Returning to it nearly a quarter of a century later. I was much more attuned this time to Ash and LaMotte – their delight in and admiration for each other’s intelligence, their awareness of their good fortune in finding one’s soulmate, and their anguish at having to part to protect their respective relationships. I was also impressed by Byatt’s characterisations of women as complex, contradictory, sometimes unlikeable but always fully-rounded characters: Christobel, who presents fearsome self-control until she allows herself to become invaded by Ash; Sabine, whose hatred of Christobel “seems to come from outside myself and takes possession of me, like some great bird fixing its hooked beak in me“; and especially Ellen Ash, a woman terrified of sex who insists on a celibate marriage, accepts her husband’s infidelity, and edits her own diaries to throw future biographers off the track. It takes some experience of love, loss, jealousy and disappointment to fully appreciate the currents of feeling that pulse through Possession. It’s notable that there is little to no mention of children or parenthood in the book, despite the lost child who forms the final piece of the mystery. I don’t think this is coincidental – it’s a book written for grown-ups, and chronicles what it is to find one’s way through adult life.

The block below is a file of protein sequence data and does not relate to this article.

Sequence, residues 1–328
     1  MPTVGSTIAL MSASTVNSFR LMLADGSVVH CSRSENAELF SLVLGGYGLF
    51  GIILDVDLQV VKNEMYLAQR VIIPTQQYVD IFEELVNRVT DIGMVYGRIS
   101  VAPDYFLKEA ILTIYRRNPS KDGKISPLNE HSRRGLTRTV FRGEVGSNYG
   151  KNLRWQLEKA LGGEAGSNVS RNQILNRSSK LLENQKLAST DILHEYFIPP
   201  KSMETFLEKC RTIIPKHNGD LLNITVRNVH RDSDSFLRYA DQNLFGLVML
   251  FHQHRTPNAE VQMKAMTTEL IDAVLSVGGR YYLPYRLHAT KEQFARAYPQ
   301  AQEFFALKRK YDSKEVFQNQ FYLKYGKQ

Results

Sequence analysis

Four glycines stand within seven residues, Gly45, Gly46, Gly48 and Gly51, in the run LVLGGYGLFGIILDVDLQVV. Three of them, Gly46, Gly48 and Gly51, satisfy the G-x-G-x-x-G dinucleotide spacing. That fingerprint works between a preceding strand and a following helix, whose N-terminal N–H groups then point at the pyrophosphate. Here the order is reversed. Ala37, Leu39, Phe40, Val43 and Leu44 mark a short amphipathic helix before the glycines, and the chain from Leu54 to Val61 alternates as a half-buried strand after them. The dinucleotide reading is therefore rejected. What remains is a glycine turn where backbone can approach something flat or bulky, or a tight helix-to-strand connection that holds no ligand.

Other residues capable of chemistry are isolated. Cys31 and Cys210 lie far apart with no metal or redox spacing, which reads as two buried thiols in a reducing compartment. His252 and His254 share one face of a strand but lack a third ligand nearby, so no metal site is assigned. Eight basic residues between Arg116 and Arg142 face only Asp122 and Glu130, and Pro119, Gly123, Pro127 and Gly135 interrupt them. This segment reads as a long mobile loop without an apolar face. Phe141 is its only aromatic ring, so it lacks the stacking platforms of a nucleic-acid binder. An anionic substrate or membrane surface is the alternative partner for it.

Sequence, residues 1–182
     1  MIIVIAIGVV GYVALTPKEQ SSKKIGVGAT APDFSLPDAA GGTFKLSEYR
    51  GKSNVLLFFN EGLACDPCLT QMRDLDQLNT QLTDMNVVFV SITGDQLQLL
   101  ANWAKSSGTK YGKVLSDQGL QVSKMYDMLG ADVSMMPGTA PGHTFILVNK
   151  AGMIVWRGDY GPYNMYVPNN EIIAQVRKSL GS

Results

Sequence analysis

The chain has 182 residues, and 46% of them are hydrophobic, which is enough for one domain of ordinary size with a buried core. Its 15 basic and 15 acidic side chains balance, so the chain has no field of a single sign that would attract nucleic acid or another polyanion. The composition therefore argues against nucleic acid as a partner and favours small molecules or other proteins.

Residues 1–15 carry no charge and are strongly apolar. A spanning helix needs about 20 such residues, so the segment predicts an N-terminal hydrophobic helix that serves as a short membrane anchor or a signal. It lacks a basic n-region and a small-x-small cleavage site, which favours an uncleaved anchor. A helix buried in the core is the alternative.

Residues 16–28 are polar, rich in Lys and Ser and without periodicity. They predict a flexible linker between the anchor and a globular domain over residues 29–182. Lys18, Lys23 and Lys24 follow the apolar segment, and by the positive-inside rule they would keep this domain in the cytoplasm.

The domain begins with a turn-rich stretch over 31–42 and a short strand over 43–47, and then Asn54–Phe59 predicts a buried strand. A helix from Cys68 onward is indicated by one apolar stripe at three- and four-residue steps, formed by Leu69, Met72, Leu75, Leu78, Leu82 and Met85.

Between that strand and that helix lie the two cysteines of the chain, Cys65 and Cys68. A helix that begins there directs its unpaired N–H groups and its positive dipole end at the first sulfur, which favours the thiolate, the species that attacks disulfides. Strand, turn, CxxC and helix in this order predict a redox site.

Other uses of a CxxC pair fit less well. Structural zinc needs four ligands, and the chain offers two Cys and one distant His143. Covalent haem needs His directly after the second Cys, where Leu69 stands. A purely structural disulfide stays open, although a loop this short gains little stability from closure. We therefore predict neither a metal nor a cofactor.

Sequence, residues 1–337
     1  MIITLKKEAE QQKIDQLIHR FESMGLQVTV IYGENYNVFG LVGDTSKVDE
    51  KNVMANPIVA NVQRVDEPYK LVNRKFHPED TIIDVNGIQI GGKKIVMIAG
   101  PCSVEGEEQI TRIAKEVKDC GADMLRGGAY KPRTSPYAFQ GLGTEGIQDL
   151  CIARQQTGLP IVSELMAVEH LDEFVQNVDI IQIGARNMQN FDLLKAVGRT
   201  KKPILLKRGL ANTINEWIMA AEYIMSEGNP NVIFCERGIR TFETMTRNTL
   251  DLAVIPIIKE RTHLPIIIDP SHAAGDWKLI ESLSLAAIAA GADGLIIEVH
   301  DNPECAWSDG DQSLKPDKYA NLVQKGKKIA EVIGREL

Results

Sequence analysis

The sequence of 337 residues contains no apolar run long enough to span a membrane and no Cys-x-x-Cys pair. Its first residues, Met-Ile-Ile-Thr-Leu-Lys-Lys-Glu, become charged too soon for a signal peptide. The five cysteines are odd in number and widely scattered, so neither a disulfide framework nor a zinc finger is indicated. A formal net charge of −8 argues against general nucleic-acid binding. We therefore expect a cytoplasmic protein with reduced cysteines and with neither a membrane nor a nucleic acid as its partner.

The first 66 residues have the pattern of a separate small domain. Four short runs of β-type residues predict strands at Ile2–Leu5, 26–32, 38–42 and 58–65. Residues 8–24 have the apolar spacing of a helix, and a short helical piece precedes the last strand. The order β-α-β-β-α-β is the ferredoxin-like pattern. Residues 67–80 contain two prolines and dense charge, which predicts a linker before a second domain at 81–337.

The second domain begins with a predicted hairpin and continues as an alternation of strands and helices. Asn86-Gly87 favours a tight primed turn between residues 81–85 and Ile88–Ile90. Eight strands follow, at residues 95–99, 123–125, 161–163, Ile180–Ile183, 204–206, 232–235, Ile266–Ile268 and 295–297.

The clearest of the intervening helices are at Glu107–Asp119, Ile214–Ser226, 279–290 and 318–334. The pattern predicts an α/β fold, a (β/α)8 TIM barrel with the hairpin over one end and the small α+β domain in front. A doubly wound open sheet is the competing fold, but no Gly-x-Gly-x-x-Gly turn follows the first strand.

Like the Victorian poets who she emulates so beautifully, Byatt is intensely attuned to the pleasures of the physical world. The comfort of a custard pudding, the fuzz of an apricot, the play of light on a beach in Brittany and the glistening of a silver pin in a lock of hair are all lovingly described and held up for our delectation like a feast. She’s also one of the greatest describers of clothing as shorthand for the personality of the wearer. The entrance of Leonora Stern, bedecked in “barbaric but obviously costly necklaces of amber lumps and varied egg-shapes“, her “thick black waving hair, worn shoulder-length and alive with natural oils” decorated by “a yellow silk bandeau, a half-tribute to the Indian bands of her hippy days at the end of the Sixties“, is one of the most vivid and funny character sketches in modern literature. These details ground Possession in a tactile and wholly believable reality that allows her to get away with the insane number of coincidences in her plot, and the carefully-structured symmetries of her double narrative. As a consequence, Possession is a book that you devour like an over-ripe fruit, enjoying its sensory delights while knowing that it’s still going to be good for you.